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Old 10-27-2011, 04:17 AM   #1
SenorWanderer
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I've been making batches of starter wort from 2row and canning it in half gallon jars. It's worked well for a while, but canning only 4 jars at a time is a hassle. I'm now brewing more frequently and in larger batch sizes so making enough wort to keep up is actually eating into my brewing schedule.

I'd like to start kegging my starter wort and I'd like to know if anyone else is doing this.

I'd mash and boil a batch of 2row to 1.035, knock out straight into a sanitized 5 gallon corny, and seal immediately. The cooling wort will start to pull a vacuum so I'll attach CO2 to avoid pulling contaminated air in. I was also thinking i could use one of those inline 1micron filters attached to a length of hose on the the gas post. Once it's cooled I'll hit it with CO2 and throw it in the keezer.

Did I miss anything? Can I keep it at room temp once pressurized? Do I need to worry about botulism? How long do you think it will keep?

 
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Old 10-27-2011, 04:25 AM   #2
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This is a truly great idea man. Treating it as a no-chill batch by dumping in the boiling wort would help sanitize to the furthest degree imo. I would only be worried about the tap, those would be hard to keep sanitized long term I would think, to the level of a starter anyways.
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Old 10-27-2011, 04:29 AM   #3
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I think room temps would be good for months but a year or so I would refrigerate it.

A sci guy needs to chime in about the botulism, I'm merely an artist
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Old 10-27-2011, 04:30 AM   #4
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I pressure can wort, about 1 gallon at a time of 1.080 wort. I do a bunch of little pint jars - so that when I need a starter I can take one out and dilute 50% with water and get my 1.040 starter wort.

I trust kegging for beer that is going to stay cold until it gets to my glass, I don't know that I would keg starter wort. I just don't trust it that much to risk future batches to a desire to shave some time. plus you are bringing other variables into play - the beer lines from which the wort will pour, the spout, the fittings.
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Old 10-27-2011, 04:32 AM   #5
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No doubt dude that your sanitation must be meticulous as said above, completely forgot about the fittings!
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Old 10-27-2011, 04:35 AM   #6
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I'd really be concerned with botulism. Not sure if wort is similar to vegetables, but if not canned properly you can have a serious problem on your hands. From what I've heard there are no real signs that food goods are infected with botulism. It however can cause very serious issue if contracted. I wouldn't do it.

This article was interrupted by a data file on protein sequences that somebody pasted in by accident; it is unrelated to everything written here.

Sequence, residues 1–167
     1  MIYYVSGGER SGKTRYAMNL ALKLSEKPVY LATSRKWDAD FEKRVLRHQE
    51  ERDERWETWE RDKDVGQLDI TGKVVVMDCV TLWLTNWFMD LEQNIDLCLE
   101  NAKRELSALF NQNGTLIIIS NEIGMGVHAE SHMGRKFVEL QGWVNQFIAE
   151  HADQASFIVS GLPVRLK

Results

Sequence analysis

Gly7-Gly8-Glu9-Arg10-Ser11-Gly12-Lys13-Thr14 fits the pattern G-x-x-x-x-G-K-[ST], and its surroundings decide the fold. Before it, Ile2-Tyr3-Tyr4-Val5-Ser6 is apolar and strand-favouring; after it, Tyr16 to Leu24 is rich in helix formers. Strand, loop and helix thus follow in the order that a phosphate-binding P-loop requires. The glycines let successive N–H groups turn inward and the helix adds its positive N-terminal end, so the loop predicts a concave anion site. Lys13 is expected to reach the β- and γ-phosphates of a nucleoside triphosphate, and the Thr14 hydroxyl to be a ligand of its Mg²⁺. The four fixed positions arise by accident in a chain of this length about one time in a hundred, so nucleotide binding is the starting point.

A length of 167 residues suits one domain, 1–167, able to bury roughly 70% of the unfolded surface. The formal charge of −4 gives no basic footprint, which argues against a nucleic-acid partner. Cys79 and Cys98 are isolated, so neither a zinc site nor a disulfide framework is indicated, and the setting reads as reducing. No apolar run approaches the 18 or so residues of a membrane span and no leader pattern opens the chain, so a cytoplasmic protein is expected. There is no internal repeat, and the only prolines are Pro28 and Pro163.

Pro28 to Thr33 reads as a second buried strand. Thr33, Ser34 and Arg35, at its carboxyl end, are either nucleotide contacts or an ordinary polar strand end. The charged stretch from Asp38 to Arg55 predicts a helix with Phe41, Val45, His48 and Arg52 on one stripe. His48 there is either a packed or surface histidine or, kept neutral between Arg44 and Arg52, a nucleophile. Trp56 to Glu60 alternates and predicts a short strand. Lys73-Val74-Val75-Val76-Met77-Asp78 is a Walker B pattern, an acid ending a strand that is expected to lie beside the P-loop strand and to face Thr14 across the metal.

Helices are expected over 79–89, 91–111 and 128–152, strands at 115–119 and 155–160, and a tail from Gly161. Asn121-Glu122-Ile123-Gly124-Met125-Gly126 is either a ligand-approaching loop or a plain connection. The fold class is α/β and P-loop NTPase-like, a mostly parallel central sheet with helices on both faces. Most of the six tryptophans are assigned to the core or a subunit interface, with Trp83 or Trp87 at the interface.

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Old 10-27-2011, 04:37 AM   #7
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I guess you could keg it, keep it cold, then boil it again after you pour it.

that seems to defeat the purpose of trying to save time though.

I wonder if there is a way to freeze starter wort?
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Old 10-27-2011, 01:25 PM   #8
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I freeze second running wort frequently. I pour into mason jars, leave some headspace and thaw in the fridge a day or so before boiling. Then boil as usual in my flask.
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Old 10-27-2011, 02:21 PM   #9
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Quote:
Originally Posted by runningweird View Post
I guess you could keg it, keep it cold, then boil it again after you pour it.

that seems to defeat the purpose of trying to save time though.
If botulism toxins get into it, no amount of post-boiling will kill the toxins. Boiling would kill the spores but would not remove the resulting toxins.

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Old 10-27-2011, 02:21 PM   #10
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I love the thought as I don't own canning equipment and have been considering doing the 'wort in advance' thing for my starters as well. Sanitation on the out post would be key but could easily be managed I would think. Not sure why there is an increased risk as bugs don't crawl - and if you are going into a sanitized keg with boiling wort you are effectively sanitizing everything. Any other thoughts as I think the OP is on to something here!
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